MISSOULA – The Big Sky Conference introduced a serious misconduct rule in June.
It restricts financial aid and participation for current or future student-athletes who are convicted of or plead guilty to specified crimes including dating violence, stalking, and sexual assault.
The rule goes into effect in 2019, but at the first game of the season, Montana Grizzly football players at the University of Montana are dedicating the game to supporting the victims of sexual assault.
Back in 1998 Brenda Tracy was drugged and gang-raped by four men, two of whom were football players for Oregon State University. Since then she has traveled the country encouraging coaches and teams to sign a pledge to acknowledge that they should be held accountable for their behavior.
In the Hall of Champions at UM, the records set by players in the past are celebrated and Tracy says that with her movement it’s about more than that. It’s about setting the expectation that violence, sexism, and sexual assault will never be tolerated in our communities.
"All of our athletes know that their eligibility is attached to their grades. And because of this, they know what classes they need to take, they know what grades they need to make to remain eligible," Tracy said.
"And all the people around them know what they need to do to stay eligible. Well, what if maybe their behavior mattered. And maybe what if I do this behavior then I’m going to get kicked off the team, or I’m going to lose my eligibility," she added.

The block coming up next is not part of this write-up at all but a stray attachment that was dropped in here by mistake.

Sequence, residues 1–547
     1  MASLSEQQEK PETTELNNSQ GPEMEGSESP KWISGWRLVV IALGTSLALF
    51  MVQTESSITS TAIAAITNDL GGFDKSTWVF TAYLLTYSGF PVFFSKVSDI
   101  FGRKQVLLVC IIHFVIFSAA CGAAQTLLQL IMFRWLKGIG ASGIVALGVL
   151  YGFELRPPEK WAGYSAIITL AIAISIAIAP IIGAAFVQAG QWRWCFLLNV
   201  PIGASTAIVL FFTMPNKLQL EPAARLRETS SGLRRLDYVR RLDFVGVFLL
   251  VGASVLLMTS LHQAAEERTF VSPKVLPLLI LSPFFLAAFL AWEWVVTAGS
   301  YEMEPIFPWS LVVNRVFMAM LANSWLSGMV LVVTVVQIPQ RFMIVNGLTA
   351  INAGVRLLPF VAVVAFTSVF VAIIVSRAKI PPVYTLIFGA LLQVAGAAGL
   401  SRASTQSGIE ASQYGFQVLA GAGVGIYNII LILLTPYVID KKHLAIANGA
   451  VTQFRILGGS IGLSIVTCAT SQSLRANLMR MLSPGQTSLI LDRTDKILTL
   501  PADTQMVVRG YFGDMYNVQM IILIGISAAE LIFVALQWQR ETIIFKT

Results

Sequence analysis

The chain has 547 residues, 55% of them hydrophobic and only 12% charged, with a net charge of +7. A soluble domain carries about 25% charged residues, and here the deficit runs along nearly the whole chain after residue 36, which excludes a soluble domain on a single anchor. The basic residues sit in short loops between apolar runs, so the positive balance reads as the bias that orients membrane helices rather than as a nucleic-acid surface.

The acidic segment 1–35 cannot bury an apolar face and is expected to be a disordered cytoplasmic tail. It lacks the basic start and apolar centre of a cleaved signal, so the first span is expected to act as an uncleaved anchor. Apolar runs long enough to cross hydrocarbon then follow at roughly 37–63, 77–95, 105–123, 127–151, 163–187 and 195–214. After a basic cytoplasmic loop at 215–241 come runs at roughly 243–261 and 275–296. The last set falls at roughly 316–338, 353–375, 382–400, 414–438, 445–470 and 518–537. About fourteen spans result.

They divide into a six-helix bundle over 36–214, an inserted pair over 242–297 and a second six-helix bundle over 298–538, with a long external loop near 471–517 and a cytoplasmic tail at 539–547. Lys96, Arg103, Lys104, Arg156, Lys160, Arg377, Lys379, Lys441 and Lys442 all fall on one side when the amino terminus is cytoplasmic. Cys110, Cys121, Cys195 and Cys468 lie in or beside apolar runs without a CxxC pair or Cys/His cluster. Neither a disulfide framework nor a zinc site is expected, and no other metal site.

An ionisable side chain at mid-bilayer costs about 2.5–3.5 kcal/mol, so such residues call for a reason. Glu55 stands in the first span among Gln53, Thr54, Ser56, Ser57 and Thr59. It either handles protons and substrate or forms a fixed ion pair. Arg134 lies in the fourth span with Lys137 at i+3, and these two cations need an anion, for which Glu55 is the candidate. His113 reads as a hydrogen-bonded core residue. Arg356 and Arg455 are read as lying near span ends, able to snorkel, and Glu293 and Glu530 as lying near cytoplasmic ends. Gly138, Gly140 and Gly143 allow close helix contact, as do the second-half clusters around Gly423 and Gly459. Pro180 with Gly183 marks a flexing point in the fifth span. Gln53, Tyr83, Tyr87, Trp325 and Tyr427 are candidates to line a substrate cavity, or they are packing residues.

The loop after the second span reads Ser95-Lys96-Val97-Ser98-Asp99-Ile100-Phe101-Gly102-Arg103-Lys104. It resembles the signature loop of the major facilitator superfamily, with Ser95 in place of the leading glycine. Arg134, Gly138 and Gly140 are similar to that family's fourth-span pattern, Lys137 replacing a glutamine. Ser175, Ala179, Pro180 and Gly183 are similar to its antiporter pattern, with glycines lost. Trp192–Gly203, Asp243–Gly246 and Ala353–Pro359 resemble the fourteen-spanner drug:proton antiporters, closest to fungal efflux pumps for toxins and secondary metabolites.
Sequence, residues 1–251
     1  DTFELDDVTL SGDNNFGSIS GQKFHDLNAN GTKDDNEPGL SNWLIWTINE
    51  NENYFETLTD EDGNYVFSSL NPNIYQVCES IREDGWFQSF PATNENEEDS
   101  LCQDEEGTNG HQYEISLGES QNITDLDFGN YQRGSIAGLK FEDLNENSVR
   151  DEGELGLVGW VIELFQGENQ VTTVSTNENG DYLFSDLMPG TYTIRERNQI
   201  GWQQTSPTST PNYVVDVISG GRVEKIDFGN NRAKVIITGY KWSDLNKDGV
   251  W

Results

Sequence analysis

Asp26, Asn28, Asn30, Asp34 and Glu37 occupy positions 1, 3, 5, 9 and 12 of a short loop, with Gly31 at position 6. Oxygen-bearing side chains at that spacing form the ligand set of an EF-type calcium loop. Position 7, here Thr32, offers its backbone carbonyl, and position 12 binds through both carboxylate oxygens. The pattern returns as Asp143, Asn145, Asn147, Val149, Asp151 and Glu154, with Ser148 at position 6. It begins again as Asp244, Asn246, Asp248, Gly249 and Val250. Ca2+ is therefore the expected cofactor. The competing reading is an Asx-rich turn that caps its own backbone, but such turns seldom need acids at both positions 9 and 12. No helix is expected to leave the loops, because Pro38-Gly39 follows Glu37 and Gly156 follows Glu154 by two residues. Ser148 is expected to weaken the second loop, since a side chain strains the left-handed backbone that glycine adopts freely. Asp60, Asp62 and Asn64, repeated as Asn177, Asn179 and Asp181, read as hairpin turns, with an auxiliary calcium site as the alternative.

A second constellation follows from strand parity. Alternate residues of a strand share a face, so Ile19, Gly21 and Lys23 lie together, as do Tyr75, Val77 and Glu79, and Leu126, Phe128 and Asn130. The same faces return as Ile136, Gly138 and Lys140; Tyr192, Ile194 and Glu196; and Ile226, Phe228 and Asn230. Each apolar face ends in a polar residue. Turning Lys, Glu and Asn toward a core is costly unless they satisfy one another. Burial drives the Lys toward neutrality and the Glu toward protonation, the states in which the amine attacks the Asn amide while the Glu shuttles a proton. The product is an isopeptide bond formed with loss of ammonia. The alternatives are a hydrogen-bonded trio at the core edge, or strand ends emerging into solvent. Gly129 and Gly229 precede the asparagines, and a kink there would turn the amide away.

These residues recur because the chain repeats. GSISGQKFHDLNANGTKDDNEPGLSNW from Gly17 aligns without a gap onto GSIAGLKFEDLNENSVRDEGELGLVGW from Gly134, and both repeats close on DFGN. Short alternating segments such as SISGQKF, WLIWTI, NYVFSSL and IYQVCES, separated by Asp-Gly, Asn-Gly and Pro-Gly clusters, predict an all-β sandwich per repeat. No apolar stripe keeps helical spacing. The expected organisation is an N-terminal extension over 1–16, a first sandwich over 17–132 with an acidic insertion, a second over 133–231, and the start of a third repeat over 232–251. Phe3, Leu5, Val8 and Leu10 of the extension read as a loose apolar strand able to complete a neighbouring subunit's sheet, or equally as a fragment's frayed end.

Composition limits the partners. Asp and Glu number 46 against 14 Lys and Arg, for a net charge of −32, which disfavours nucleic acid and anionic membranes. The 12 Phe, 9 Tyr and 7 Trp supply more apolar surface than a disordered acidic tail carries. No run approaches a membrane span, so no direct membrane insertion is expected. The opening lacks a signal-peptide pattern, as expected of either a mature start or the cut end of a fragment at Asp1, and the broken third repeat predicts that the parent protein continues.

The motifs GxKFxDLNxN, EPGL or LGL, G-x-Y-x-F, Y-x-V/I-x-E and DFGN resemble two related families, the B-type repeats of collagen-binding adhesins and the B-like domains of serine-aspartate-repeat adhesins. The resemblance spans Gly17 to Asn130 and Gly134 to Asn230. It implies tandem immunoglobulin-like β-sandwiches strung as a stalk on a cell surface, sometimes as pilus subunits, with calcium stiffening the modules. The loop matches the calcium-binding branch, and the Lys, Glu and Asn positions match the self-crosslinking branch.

Tracy spoke to UM athletes last semester and now the department has decided they want to get behind this movement.
"The pledge is not a contract. It’s not a binding contract. But It’s it’s an accountability tool. It’s OK for a church to stand in front of the room and a paper that says I’m drawing a line in the sand and setting an expectation for you. I’m attaching your eligibility to behavior which is really important," said Tracy.
By signing, players acknowledge being apart of a team is a privilege, not a right and that as leaders in the community they are held to a higher standard.
Assistant Sports Information Director for Football and Men’s Basketball Eric Taber says that the decision to stand with the “set the expectation” movement is one they are proud to make.
"It’s not something that starts at the beginning of the game ends with the final whistle. It ’s something that we as a department and as a university believe in year-round and want to promote year-round," said Taber.
"We believe it so much that even like when we go on the road to North Dakota, we’re going to partner with them when they do their set the expectation game to wear stickers on our helmets to show solidarity for it even when we’re in Grand Forks," Taber added.
Members of the community can support this movement by wearing teal and purple to the Griz games. M